Another thing about all this is that I don't think you can rush yourself into that phase of your life. You have to experience it organically. You may have to do a little honest soul-searching to come to grips with giving yourself permission to lighten up. You may still worry about other people's approval, like your parents, or friends. Maybe you're still figuring out who you are. Maybe you embrace the kind of challenge it poses, maybe your will power and sheer determination to be the best is what you like most about yourself. Ahh, I remember those days well. It just means you aren't ready. It'll happen, though. It's inevitable. It's nothing to try and stave off, or fight. Think of it as treating yourself a bit better, giving yourself a much needed break. Okay, maybe it won't happen for some because it's a sign of failure but I assure you it's not.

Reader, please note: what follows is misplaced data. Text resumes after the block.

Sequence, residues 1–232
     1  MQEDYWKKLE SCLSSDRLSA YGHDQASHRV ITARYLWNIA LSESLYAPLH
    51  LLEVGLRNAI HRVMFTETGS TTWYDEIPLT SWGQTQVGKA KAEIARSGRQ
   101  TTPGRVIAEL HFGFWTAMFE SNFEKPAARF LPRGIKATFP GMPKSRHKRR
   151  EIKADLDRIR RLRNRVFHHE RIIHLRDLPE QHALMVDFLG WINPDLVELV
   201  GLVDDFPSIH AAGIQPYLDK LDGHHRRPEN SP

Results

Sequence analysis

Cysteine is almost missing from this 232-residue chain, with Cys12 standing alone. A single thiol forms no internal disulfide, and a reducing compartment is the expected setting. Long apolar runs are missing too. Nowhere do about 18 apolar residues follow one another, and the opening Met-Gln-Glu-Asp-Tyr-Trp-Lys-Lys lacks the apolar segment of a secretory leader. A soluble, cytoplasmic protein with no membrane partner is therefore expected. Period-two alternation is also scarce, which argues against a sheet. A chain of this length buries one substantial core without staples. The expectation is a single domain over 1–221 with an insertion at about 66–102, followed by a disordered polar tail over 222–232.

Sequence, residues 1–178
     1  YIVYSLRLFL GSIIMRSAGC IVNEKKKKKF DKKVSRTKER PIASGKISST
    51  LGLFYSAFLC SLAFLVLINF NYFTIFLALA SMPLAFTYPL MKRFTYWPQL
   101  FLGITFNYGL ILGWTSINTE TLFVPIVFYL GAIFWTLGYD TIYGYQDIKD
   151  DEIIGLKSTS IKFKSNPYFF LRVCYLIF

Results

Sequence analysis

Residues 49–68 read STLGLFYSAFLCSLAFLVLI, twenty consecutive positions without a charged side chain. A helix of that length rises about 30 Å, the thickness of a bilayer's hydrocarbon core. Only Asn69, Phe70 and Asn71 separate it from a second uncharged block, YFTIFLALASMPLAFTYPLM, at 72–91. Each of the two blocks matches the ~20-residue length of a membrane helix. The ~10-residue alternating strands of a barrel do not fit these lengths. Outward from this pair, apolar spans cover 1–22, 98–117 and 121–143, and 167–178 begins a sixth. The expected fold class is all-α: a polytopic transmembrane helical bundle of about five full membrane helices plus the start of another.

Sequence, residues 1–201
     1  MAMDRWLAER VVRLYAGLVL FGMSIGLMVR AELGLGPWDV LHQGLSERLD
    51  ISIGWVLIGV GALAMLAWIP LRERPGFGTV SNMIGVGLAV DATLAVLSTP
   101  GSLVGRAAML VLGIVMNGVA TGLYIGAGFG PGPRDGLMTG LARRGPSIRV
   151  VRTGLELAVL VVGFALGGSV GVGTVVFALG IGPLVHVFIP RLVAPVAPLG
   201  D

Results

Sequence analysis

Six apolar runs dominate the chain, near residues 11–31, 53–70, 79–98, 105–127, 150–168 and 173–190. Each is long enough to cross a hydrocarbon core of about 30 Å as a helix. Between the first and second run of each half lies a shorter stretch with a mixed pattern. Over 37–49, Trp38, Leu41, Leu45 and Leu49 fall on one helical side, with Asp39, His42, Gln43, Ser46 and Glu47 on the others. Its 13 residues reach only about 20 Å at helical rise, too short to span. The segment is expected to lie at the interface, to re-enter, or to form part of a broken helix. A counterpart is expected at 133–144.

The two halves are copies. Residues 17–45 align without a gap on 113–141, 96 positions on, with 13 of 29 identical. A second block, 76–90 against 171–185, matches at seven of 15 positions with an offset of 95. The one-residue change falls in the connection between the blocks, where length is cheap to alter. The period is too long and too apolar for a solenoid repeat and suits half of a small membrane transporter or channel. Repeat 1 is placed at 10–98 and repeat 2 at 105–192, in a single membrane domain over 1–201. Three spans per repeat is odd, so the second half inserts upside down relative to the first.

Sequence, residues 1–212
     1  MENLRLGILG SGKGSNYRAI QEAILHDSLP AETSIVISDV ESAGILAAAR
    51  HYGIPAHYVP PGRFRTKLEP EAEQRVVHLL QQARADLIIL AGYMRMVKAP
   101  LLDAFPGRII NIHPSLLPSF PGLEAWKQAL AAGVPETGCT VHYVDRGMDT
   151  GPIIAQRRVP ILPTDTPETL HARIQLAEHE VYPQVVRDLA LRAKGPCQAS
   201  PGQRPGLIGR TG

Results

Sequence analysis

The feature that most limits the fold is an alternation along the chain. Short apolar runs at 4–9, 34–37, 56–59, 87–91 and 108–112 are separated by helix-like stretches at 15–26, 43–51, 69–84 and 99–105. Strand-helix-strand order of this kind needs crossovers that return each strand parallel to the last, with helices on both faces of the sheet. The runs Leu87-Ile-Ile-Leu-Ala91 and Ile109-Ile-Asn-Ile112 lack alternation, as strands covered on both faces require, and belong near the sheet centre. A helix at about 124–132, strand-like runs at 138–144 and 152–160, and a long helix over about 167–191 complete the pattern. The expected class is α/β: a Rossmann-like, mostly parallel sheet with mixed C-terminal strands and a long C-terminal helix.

Whatever it is- I'll tell you this much- that "Best" pace won't last forever. I mean, listen, I'm not saying stop working out, stop pushing yourself in areas of interest, or to start telling people to fuck off, I'm just saying, mentally, once you've given yourself permission to take a break from that "Best" bitch, and you see that it's okay to let up on the gas pedal, I think you'll dig cruising into this new phase of life.